Due to outstanding work commitments the author has not yet been able to respond to this review.
- Robert Branner, Manuscript Painting in Paris During the Reign of Saint Louis (Berkeley and Los Angeles, 1977).Back to (1)
- Reiner Haussherr, Bible Moralisée. Faksimile-Ausgabe im Originalformat des Codex Vindobonensis 2554 der Österreichischen Nationalbibliothek, Codices Selecti, XL-XL (Graz, 1973).Back to (2)
- Harvey Stahl, The Iconographic Sources of the Old Testament Miniatures, Pierpont Morgan Library, M. 638, Ph.D. thesis (New York University, 1974).Back to (3)
- Daniel Weiss, The Pictorial Language of the Arsenal Old Testament: Gothic and Byzantine Contributions and the Meaning of Crusader Art, Ph.D. thesis (Johns Hopkins University, 1992).Back to (4)
- Sara Lipton, Jews in the Commentary Text and Illustrations of the Early Thirteenth-Century Bibles moralisées, Ph.D. thesis (Yale University, 1991).Back to (5)
- Hans-Walter Stork, Bible moralisée Codex Vindobonensis 2554 der Österreichischen Nationalbibliothek. Transkription und Übersetzung, Saarbrncker Hochschulschriften, 9 (St. Ingbert, 1988); Die Wiener französische Bible moralisée Codex 2554 der Österreichischen Nationalbibliothek, Saarbrücker Hochschulschriften, 18 (St. Ingbert, 1992); Die Bibel Ludwigs des Heiligen. Vollständige Faksimile-Ausgabe im Originalformat von MS M. 240 der Pierpont Morgan Library, New York, Codices Selecti, 102, 102 (Graz, 1995).Back to (6)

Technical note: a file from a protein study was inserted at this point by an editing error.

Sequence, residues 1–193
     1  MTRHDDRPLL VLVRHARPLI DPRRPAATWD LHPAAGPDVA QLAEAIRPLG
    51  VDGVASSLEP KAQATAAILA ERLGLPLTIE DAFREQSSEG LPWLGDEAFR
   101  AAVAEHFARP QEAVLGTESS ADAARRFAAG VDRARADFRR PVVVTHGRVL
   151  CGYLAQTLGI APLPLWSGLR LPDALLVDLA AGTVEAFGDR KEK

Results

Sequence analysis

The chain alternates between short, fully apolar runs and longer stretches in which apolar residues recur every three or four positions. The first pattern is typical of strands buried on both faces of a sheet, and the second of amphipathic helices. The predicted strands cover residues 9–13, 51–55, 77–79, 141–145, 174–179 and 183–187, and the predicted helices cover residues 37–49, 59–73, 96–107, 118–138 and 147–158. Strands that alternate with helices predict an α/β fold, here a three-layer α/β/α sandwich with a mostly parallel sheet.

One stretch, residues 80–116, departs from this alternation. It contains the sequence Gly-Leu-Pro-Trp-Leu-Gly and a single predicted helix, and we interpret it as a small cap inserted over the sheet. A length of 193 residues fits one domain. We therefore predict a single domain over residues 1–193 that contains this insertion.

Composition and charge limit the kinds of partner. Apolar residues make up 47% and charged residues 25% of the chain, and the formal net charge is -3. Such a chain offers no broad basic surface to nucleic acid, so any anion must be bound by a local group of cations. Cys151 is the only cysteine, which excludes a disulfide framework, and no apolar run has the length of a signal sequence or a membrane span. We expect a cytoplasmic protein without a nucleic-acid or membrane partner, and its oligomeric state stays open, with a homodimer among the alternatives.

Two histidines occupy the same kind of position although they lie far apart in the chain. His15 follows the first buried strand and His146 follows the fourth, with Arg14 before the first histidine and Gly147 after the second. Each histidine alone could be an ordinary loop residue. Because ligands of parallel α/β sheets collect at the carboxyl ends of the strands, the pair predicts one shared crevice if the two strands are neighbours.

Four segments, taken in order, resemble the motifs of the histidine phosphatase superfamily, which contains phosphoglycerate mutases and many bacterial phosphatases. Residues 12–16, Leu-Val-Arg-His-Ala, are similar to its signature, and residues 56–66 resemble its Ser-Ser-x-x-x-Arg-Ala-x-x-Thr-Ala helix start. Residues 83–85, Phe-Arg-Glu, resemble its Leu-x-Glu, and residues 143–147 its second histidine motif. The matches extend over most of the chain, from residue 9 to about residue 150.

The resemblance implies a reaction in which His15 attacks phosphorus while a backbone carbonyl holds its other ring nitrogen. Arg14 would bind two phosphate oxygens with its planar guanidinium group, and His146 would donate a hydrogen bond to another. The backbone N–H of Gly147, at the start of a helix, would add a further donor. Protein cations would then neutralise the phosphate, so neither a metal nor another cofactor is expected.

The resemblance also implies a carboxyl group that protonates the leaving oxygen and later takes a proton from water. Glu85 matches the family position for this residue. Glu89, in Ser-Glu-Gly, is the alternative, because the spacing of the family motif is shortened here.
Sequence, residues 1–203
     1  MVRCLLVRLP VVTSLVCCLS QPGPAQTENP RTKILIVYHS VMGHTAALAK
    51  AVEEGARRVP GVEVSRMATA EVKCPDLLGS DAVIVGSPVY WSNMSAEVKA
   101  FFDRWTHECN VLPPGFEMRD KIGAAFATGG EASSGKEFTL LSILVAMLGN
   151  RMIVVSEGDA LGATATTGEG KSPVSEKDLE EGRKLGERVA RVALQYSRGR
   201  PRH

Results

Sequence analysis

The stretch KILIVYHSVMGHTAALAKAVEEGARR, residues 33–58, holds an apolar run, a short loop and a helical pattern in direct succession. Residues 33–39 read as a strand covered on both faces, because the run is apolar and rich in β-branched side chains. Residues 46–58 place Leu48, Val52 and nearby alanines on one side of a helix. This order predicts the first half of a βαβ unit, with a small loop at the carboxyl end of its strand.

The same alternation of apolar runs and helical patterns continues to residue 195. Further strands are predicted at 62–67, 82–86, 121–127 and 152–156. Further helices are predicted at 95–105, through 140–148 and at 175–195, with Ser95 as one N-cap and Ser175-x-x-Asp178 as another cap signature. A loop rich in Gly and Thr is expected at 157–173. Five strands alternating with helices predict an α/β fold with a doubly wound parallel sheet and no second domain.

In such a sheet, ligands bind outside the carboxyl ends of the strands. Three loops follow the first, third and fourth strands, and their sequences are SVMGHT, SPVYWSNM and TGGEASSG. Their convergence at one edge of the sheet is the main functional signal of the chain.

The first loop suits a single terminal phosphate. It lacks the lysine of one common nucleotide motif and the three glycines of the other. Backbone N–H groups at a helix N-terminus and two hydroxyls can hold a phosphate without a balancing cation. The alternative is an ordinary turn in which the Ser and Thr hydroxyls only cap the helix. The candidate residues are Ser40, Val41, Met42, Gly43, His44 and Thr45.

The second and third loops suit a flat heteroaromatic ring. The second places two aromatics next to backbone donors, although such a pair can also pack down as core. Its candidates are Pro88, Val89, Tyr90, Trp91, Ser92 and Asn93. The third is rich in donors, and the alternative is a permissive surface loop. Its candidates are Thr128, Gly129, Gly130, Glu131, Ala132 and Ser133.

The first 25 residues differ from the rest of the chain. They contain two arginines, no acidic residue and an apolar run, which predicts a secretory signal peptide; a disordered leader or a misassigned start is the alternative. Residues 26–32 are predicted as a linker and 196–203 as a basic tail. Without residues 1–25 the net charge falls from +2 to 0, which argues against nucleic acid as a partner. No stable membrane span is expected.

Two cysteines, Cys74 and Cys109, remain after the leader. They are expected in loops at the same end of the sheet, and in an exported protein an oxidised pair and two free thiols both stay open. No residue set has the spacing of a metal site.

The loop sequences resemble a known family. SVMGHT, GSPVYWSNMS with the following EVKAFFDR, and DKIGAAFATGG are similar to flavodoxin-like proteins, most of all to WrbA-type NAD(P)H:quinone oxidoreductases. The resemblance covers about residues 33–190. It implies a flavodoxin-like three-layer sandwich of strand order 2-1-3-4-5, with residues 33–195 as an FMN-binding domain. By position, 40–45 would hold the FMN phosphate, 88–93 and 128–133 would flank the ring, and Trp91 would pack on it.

- Philippe Büttner, Bilder zum Betreten der Zeit: Bible Moralisée und kapetingisches Königtum, Ph.D. thesis (Basel University, 1996).Back to (7)
- Gerald B. Guest, Queens, Kings, and Clergy: Figures of Authority in the 13th-Century Moralized Bibles, Ph.D. thesis (New York University, 1998).Back to (8)
- John Lowden, The Making of the Bibles Moralisées, 1. The Manuscripts, 2. The Book of Ruth, University Park, forthcoming 2000.Back to (9)
- M. Aubert, L. Grodecki, J. Lafond, J. Verrier: Les vitraux de Notre-Dame et de la Sainte-Chapelle de Paris, Corpus Vitrearum Medii Aevi, France 1.1 (Paris, 1959).Back to (10)
- A.A. Jordan, Narrative Design in the Stained Glass Windows of the Sainte-Chapelle in Paris, Ph.D. thesis (Bryn Mawr College, 1994).Back to (11)
- Stephen Murray, Notre-Dame, Cathedral of Amiens: the Power of Change in Gothic, Cambridge, 1996.Back to (12)